Military Lets Muslim Brotherhood Take the Heat Understanding Egypt in Year Three
The Muslim Brotherhood’s political arm, the Freedom and Justice Party (FJP), gets most of the attention these days when discussing Egypt. Criticism flows easily and the FJP’s reputation has definitely been sullied and bloodied because of their numerous sectarian and undemocratic policies.
But, what appears most remarkable is that the military establishment has been relatively unscathed in the polarized battles that have erupted the last several months. In fact, this is not accidental. It is the result of very clever political maneuvering by the country’s military leaders.
It is certainly true that FJP leader, President Mohamed Morsi, made himself an easy target by recklessly misusing his extensive constitutional authority to appoint cronies and to issue unilateral decrees.
Just in the last few months, he stacked the Constituent Assembly with an unrepresentative majority that wrote a very controversial new constitution lacking internationally recognized rights for women and for workers. It was ultimately passed in December but, notably, with only one third of eligible voters showing up at the polls.
Then, Morsi shocked the nation by issuing a decree disallowing any court oversight of his decisions, an embarrassingly blatant power grab that was formally reversed only after huge public demonstrations.
But the president did not stop there. On the heels of his “hotly contested decree granting the Egyptian president unlimited authority,” as Erin Radford reported in the Dec. 11, 2011 Cairo Review, Morsi’s amendments to the nation’s 1976 trade union law “signals potential suppression of the right to freely form unions.” Radford is Middle East and North Africa program officer at the AFL-CIO supported Solidarity Center in Washington DC.
Fatma Ramadan, an executive board member of the Egyptian Federation of Independent Trade Unions (EFITU), also was quoted in Radford’s article warning that “Morsi is clearly preparing a systematic crackdown against Egypt’s union movement, against the right to strike, against the right to organize and against union plurality.”
Igniting further opposition in late December, the president padded his FJP majority in the 270-member upper chamber of parliament by appointing an additional 90 delegates.
These are, indeed, grievously divisive and offensive policies arousing critical attention against the FJP government but it is, nonetheless, still noteworthy that the military is largely given a free pass. How can this happen?
Since the historic 1952 military officers’ coup overthrowing the constitutional monarchy and ending British occupation, the Egyptian military has very craftily preferred a backstage role, mostly leaving overt repression to the notorious Ministry of Interior and mostly leaving government to nominal civilian rule.
As you might suspect, this is neither altruism nor enlightenment by the corrupt coterie of generals who propped up Mubarak’s decaying regime for 29 years. On the contrary, away from the spotlight, the generals are better able to stealthfully conduct the very lucrative business of accumulating personal wealth and private property.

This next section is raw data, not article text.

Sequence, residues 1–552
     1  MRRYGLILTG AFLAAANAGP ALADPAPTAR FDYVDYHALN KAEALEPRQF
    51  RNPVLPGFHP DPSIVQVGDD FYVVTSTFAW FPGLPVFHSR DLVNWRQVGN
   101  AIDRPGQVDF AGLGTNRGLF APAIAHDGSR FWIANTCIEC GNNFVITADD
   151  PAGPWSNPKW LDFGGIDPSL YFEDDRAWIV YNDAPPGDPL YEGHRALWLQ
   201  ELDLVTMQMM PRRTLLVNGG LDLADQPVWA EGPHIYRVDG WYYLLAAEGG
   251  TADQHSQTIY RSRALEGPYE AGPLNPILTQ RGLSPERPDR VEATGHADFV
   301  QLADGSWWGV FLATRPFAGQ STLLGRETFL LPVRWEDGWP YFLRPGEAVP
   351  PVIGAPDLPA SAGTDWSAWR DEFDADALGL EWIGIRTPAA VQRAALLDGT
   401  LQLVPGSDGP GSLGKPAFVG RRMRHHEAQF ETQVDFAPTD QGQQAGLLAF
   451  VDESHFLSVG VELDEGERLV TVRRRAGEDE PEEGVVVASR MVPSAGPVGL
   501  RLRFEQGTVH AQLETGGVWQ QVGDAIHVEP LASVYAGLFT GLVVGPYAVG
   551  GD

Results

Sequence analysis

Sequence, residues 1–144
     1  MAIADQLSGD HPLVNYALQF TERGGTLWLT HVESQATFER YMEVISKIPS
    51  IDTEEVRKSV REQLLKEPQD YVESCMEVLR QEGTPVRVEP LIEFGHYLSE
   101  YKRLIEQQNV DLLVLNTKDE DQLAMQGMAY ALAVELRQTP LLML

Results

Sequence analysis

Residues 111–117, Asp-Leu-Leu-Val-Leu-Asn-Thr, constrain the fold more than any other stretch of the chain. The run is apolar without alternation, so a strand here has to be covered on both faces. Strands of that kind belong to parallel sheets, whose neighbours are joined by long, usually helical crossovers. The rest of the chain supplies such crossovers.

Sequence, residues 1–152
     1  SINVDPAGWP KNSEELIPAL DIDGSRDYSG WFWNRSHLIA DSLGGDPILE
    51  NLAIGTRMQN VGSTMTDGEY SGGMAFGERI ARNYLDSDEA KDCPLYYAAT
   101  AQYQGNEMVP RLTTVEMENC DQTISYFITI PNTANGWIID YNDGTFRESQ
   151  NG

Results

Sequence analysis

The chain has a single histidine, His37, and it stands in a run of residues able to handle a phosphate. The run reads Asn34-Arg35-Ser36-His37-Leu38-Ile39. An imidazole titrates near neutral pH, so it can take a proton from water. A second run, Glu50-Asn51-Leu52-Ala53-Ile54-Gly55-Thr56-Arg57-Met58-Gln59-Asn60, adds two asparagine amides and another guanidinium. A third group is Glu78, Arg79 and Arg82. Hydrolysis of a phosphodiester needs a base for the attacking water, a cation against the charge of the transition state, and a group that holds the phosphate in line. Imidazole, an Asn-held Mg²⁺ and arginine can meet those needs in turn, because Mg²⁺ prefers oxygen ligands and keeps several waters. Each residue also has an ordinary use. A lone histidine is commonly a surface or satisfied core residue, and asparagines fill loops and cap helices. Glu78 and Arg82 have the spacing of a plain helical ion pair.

Credible diplomats, leading academics and scholarly economists generally agree the military controls 15 to 35 percent of the economy. The wide variance in estimates is itself testimony to the secretive nature of these military dealings and it has gotten even worse under the FJP government.
The military has never had civilian oversight and the new constitution written largely under Muslim Brotherhood influence has even further “immunized it against accountability” writes Cairo University professor Dina El Khawaga in the Dec. 27, 2012 Egypt Independent.
In fact, even with a new post-Mubarak constitution, it is still a mystery how large the military budget actually is, how much property the military owns and how billions of U.S. aid dollars are spent. This data is considered a state secret. Neither the government nor the new constitution challenges any of these privileges of the Supreme Command of the Armed Forces (SCAF).
Nonetheless, it should be obvious that unless the militarization of the economy is eliminated and unless the curtain of secrecy surrounding the armed forces is lifted, there will be no significant social or economic change in Egypt.
Marriage of Convenience
Despite their historical reluctance, the military command was forced to the forefront on February 11, 2011. The startling fact is that the military was the lone surviving institution left intact after Mubarak’s forced resignation.
In the days immediately following the regime’s collapse, the parliament was dissolved, the constitution suspended, the cabinet dismissed, the ruling National Democratic Party outlawed and the secret police formally disbanded (in name only).
In addition, Mubarak himself was arrested along with several of his cronies, including his two sons. Meanwhile, the ban on exiles was lifted and political prisoners were freed. This was an incredibly huge victory for the 18-day massive wave of protests and labor strikes.